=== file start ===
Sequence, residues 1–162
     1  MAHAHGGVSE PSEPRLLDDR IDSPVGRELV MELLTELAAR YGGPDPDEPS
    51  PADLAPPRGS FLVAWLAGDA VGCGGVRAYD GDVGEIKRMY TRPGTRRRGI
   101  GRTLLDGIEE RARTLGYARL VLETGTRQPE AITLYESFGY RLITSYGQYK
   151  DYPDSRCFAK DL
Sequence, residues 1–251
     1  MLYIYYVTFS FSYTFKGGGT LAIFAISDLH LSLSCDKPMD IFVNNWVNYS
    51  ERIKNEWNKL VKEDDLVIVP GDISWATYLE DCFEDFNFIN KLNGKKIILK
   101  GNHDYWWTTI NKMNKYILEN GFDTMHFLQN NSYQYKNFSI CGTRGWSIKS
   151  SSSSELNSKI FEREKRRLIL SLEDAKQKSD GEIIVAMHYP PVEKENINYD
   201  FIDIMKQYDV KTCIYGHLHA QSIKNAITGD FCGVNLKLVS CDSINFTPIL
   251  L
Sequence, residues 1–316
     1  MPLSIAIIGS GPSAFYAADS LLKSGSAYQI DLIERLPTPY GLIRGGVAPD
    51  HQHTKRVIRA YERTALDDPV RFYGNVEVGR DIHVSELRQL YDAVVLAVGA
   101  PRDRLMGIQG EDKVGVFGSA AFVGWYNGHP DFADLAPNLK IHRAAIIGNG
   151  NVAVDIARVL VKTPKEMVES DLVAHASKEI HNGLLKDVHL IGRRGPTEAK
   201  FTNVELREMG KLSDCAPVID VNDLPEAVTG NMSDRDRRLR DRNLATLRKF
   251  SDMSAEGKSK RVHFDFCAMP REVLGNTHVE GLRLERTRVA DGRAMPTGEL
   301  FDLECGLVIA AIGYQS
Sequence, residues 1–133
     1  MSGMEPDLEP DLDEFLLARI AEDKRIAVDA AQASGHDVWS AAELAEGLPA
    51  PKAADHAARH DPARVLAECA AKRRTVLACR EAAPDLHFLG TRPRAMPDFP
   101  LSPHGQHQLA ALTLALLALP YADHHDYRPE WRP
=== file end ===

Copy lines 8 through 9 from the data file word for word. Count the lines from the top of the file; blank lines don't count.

    51  ERIKNEWNKL VKEDDLVIVP GDISWATYLE DCFEDFNFIN KLNGKKIILK
   101  GNHDYWWTTI NKMNKYILEN GFDTMHFLQN NSYQYKNFSI CGTRGWSIKS